The Bellman-Ford algorithm is an efficient way to solve for the shortest paths from a specific source vertex to every other vertex in a weighted digraph. Let's break that down into network terms. There is a small office network with 6 routers. In that network the source vertex would be Router 1 and every other vertex would be rest of the routers that Router 1 is connected to. The weighted graph would represent a logical representation of the network that Router 1 is on. So, what is the hop count to every other router from Router 1 in the network? The algorithm finds out the answer to that question and builds a routing table based on what it finds (Black, 2009)
The images above are an example of a simple network and what a bellman-ford table for it might look like. The top row of the graph represents the destination router. The row on the left side represents the source router. The numbers on the graph represent the amount of hops and the letters next to the numbers represent the next hop router. ( (Madhusudhan) (Doyle, 2001).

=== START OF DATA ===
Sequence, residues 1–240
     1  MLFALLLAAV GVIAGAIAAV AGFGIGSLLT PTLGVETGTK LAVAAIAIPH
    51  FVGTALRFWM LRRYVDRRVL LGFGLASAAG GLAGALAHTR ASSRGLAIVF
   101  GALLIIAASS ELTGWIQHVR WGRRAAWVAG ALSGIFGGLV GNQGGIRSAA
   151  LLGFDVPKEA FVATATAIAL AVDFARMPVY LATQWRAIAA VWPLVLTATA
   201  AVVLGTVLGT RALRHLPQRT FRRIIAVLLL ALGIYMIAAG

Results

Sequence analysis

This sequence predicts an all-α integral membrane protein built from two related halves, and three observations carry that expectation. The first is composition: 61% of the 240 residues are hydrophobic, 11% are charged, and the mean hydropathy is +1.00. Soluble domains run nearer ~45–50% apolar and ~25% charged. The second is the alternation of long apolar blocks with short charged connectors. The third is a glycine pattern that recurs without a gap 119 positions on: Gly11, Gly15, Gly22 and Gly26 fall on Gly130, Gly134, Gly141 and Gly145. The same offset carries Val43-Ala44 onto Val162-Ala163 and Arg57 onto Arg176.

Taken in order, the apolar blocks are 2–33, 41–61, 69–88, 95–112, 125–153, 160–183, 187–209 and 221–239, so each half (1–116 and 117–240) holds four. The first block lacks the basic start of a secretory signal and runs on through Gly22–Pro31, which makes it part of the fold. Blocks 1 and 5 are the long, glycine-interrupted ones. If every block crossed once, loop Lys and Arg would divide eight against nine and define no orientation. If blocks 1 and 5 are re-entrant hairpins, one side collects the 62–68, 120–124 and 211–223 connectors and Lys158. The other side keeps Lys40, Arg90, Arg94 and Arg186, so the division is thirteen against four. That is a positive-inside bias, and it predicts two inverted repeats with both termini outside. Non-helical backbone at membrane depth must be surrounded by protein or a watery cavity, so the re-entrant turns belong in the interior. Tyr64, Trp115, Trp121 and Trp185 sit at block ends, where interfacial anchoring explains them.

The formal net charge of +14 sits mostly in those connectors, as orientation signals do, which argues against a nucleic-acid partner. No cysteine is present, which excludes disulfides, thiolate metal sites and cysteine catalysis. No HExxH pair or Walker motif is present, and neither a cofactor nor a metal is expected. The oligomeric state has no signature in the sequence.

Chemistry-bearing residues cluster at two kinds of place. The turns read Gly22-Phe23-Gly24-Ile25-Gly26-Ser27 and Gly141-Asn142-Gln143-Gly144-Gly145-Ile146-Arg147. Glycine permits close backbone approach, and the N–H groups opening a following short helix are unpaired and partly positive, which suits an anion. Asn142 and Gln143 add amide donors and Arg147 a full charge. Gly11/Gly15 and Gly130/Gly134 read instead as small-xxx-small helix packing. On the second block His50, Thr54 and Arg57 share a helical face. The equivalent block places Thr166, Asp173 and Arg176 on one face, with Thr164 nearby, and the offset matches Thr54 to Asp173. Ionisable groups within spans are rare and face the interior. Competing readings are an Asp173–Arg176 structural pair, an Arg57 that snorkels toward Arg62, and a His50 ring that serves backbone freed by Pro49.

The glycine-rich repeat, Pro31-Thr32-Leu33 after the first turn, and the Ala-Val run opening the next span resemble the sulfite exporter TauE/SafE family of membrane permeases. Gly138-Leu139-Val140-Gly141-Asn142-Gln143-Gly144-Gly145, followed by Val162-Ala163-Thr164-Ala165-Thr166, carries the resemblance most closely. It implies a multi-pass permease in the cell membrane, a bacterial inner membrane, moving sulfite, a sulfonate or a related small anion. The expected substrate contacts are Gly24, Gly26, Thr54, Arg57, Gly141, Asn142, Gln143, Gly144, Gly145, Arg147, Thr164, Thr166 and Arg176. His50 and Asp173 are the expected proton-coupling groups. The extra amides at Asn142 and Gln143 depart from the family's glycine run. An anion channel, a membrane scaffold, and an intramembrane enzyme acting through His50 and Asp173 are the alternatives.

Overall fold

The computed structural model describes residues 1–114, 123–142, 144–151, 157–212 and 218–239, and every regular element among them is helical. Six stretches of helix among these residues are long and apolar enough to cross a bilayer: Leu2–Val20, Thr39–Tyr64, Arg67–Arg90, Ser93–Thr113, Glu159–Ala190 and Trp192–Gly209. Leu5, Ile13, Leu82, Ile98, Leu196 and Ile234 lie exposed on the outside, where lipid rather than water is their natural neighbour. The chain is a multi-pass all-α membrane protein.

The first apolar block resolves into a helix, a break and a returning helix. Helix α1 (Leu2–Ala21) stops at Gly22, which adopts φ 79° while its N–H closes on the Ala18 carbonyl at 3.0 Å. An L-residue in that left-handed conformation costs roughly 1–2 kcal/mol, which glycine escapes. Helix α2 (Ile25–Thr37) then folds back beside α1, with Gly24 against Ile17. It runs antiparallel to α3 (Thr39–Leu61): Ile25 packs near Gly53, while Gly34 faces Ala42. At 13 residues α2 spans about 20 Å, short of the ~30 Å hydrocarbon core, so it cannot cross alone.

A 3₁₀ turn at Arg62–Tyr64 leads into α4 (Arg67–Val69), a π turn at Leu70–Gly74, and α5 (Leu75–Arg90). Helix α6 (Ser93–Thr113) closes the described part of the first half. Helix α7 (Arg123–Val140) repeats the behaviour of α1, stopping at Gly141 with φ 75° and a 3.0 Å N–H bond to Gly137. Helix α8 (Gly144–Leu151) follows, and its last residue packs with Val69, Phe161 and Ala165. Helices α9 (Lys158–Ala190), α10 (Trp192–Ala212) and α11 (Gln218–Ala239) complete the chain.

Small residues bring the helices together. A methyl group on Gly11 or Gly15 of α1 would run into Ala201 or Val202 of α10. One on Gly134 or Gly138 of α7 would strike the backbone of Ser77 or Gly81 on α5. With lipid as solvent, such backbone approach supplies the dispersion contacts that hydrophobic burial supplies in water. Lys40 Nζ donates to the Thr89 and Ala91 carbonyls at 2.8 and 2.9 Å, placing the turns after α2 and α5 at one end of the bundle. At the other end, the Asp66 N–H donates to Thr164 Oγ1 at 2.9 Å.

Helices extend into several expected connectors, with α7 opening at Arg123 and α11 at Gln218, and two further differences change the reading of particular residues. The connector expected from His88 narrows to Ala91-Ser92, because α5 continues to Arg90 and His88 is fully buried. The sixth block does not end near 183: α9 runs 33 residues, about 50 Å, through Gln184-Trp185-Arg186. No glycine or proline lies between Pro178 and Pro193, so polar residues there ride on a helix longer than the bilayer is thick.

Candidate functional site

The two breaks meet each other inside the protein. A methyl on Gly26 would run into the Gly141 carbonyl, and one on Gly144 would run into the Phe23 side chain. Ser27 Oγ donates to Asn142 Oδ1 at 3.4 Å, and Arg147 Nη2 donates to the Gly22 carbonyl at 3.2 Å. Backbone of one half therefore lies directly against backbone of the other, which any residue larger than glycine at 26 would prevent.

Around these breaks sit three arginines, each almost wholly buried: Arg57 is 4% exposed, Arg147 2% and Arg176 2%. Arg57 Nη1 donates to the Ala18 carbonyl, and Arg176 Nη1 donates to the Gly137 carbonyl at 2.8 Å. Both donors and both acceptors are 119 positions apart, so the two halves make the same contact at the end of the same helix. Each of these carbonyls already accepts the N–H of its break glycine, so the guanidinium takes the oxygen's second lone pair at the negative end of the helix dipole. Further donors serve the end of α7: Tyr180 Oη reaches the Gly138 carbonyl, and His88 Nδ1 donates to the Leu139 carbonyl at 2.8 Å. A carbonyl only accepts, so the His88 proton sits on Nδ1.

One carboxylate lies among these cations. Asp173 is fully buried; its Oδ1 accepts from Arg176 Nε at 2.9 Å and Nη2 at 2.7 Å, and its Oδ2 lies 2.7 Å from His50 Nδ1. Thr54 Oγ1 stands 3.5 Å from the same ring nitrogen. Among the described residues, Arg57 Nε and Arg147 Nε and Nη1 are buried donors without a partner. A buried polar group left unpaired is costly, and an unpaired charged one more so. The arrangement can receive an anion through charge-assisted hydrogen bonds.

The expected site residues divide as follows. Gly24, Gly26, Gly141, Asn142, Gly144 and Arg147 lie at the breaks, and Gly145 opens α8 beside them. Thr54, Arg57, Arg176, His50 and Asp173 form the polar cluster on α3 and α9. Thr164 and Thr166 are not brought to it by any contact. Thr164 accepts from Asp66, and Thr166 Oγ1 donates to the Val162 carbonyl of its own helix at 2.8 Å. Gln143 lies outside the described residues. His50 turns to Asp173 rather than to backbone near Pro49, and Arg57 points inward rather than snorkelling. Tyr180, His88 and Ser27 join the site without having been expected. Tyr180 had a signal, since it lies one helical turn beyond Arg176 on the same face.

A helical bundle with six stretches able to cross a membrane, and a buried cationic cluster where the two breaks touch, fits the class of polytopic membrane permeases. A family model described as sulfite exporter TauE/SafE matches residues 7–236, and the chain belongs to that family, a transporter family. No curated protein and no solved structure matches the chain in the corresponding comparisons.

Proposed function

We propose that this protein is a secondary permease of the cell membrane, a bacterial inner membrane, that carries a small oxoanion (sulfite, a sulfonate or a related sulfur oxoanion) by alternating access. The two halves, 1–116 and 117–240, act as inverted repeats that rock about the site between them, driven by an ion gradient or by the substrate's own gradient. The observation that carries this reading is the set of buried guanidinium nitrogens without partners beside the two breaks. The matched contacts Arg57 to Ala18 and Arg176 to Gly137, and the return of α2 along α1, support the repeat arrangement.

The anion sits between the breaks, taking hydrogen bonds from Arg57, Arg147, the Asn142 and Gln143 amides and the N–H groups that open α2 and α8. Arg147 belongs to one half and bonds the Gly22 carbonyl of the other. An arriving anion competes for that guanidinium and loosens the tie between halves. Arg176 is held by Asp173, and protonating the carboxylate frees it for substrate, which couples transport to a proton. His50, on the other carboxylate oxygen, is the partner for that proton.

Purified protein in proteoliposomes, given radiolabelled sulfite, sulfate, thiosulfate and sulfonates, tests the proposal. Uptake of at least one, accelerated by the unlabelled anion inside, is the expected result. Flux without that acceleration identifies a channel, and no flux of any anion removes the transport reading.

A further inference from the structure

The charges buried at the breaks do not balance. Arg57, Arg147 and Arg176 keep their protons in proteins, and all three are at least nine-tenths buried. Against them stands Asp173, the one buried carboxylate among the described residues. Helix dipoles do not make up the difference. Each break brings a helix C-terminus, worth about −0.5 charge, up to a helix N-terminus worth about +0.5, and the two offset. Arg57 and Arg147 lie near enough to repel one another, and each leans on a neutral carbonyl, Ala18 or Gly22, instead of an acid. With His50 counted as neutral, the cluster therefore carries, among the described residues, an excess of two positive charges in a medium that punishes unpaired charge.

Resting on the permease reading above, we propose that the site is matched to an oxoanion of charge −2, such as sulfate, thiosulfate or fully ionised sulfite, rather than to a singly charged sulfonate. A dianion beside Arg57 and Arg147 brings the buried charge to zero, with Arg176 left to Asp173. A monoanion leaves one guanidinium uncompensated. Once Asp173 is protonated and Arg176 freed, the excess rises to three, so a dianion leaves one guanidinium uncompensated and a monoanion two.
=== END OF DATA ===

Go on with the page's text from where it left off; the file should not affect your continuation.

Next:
Each router will keep a list of all known routes in the table. Each entry in the table identifies a destination network and the distance from the router with the table to every destination in the network measured in hops. Every once in a while every router on the network will send a copy of its routing table to all the neighbor routers that they have direct connections to. During the time that the routers share information if a router gets a route that it doesn't know it will add it to the table. If a router has a table shared with it and that table has a lower hop count to another router, it will add that route to its table replacing what it had with n+1. For n+1 n is equal to the amount of hops on the route being shared and +1 is to compensate for the hop between the receiver of the shared table and the router sharing the table. If a router that is sharing its table with a neighbor has a route through itself from the neighbor and it changes the neighbors table will be updated to reflect the change and will apply (Comer, 2006)